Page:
No matter which program you choose, always remember that you could be studying your subjects at UNC but this may be the only chance to study in your respective program's country! If you have to choose between studying another couple hours and exploring the country and learning about the culture firsthand, definitely prioritize forming relationships and experiencing your program's country and culture while you're there. Additionally, in terms of financing your study abroad program, definitely apply to smaller and less competitive scholarships rather than only applying for the big scholarships like the Phillips Ambassadors scholarship! I was fortunately able to secure the Asia-Freeman scholarship, but I wish I had applied to more smaller scholarships because those really do add up. Don't put all your eggs in one basket!

 

Would you do it again?
I would most definitely do it again. I wish I could go every year!

 

How were your classes abroad different than if you would have taken them at UNC?
For UNC Summer in Japan, the same courses offered in Japan are also offered here at UNC by the same professor, Aratake-sensei. Because my classes were Japanese classes and I was in Japan, I was able to dedicate all my time studying the language and actively use the language both in and outside class with my peers, professor, homestay family, and make new native Japanese friends. Being able to practice Japanese and new grammar patterns in a real-world setting with native speakers helped my Japanese skills improve dramatically within a short 8-week period. If I had taken these same classes at UNC, I have no doubt that I would have learned the material half as thoroughly in more than twice the time, and my confidence in speaking Japanese would be incredibly small.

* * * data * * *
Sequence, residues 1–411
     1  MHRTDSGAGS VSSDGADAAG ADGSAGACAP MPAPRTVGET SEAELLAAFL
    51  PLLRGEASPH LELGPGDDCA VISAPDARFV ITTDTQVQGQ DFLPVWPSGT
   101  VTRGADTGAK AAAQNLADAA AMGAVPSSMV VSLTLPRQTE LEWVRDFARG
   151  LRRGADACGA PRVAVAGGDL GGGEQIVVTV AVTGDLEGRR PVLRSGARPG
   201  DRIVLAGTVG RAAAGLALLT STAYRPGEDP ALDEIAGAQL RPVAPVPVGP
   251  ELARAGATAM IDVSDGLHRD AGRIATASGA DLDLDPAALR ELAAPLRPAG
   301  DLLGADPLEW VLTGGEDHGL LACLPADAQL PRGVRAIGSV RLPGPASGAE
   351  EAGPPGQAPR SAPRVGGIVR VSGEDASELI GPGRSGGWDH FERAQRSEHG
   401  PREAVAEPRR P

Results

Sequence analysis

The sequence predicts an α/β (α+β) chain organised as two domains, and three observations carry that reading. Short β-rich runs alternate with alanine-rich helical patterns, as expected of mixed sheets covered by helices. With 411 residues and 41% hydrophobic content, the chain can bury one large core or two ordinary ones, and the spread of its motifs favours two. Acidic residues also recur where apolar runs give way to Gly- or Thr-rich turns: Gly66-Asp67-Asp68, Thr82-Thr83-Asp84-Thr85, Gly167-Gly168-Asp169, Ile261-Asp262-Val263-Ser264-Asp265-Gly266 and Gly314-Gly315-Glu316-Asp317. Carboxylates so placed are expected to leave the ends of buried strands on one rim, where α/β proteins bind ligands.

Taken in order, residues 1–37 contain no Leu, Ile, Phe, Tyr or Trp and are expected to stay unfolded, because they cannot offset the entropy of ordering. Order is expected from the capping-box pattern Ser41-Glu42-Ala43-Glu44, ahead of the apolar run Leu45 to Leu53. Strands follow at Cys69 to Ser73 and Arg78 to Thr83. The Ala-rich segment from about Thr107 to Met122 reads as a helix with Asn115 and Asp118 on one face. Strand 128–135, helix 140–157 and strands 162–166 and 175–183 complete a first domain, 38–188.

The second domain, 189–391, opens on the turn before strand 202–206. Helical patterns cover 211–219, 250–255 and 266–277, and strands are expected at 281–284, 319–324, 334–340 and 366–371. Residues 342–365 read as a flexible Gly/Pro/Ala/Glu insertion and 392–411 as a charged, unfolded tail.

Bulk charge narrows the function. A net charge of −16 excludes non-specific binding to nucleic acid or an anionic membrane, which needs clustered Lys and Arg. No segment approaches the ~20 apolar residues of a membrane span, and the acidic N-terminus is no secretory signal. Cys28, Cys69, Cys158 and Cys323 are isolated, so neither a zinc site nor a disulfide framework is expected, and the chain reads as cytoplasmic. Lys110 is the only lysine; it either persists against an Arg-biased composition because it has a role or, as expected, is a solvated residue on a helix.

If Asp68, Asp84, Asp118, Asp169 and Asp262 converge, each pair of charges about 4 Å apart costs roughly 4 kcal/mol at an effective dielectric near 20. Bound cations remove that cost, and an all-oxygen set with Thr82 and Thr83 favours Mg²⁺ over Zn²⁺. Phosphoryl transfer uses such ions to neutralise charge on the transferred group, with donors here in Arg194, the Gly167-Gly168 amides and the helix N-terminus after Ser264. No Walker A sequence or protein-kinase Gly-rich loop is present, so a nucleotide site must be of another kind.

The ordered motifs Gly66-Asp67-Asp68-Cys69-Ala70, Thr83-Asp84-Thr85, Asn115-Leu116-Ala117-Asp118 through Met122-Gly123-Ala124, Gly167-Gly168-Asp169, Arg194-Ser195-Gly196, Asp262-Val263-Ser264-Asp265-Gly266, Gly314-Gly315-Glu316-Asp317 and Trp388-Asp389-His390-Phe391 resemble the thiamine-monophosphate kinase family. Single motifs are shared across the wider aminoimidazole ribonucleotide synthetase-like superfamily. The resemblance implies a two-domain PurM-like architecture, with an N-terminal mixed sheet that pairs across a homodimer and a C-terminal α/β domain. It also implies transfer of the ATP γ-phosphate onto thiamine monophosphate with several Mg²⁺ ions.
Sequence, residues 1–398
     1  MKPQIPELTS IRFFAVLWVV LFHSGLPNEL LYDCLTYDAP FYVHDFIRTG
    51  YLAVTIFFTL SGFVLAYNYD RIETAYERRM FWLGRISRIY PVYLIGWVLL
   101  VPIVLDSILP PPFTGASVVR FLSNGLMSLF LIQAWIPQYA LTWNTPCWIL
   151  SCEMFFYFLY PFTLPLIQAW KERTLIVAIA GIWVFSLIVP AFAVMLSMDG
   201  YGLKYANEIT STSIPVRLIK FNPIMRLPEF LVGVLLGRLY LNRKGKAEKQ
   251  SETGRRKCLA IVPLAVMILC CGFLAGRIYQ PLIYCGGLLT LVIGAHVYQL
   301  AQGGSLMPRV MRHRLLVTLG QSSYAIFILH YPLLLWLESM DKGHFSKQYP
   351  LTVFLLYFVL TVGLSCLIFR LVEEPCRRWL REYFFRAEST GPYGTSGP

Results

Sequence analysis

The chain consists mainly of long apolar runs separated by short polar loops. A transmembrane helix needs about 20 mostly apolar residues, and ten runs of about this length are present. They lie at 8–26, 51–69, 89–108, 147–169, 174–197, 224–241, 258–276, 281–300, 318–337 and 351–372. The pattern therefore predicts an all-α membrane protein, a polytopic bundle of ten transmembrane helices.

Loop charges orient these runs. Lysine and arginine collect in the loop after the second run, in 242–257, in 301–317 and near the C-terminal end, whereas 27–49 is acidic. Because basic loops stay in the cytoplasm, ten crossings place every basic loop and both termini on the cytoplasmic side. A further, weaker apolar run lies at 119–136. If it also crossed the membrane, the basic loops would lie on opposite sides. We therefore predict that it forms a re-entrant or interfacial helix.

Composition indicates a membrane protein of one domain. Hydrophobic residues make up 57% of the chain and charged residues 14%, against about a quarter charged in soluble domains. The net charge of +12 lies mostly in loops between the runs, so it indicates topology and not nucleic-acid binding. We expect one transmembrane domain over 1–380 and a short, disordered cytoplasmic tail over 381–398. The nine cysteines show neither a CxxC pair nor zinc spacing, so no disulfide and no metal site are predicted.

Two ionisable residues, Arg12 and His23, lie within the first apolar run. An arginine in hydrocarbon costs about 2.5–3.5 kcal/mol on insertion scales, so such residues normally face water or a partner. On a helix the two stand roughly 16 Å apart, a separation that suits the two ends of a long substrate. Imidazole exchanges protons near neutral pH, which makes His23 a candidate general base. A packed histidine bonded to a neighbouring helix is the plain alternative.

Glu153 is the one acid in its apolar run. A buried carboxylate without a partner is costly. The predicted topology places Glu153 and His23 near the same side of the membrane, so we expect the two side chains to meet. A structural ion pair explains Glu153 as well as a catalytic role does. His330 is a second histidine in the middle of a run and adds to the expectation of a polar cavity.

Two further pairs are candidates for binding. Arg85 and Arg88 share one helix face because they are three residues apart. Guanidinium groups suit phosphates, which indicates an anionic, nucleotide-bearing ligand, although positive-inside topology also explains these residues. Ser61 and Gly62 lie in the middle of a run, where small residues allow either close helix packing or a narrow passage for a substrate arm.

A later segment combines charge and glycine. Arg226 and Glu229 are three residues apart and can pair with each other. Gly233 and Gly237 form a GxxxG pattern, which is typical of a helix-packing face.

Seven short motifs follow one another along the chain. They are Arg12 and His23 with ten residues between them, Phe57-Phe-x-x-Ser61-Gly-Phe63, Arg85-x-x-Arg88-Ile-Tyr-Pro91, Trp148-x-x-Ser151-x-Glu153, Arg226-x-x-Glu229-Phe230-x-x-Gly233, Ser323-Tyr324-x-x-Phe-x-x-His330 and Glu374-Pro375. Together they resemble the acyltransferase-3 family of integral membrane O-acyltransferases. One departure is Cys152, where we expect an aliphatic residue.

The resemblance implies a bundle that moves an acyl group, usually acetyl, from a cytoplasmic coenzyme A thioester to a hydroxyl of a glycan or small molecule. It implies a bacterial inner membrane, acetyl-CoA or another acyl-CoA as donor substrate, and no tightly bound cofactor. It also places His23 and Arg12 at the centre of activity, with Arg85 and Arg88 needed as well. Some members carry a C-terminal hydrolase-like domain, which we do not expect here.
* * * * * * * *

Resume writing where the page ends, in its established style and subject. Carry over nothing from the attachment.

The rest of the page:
How do you identify?
Scholarship Recipient

 

Could you share any experiences where your identity played a role in your time abroad?
My financial situation only inhibited me in terms of going on trips on the weekends, or whether I could splurge on meals with friends or have long karaoke sessions. However, this was not a major obstacle and it didn't inhibit my experience. I do not feel as though I missed out on any huge events--if anything, my friends and I enjoyed spending time at the student union building without spending much money and this helped us to strengthen our friendships.

 

Is there any advice you would give to other students who share your identity?
There are so many things you can do and experience without spending an exorbitant amount of money in Japan. Your host family will provide you with two meals a day, and if you get super close with them you may even get lucky and have a host mom who will make lunch for you! You can also join clubs at your program's university and just hang out with friends at parks and at school without a lot of pressure to spend money. Of course, don't be afraid to be the only one not purchasing anything at stores! Save up your money for travel if that's what you want to prioritize, but otherwise money should not be a huge limiting factor while abroad in Japan.

 

If you faced any challenges abroad, where could you turn to get the support you needed?
You can always talk with your host parents, contact the program director, Aratake-sensei, or an affiliate of the program who you will meet at orientation. They are all incredibly helpful and only want the best for you and your study abroad experience! Do not be afraid to ask questions or ask for help if you need it. Support is always there, you just have to ask.

Memories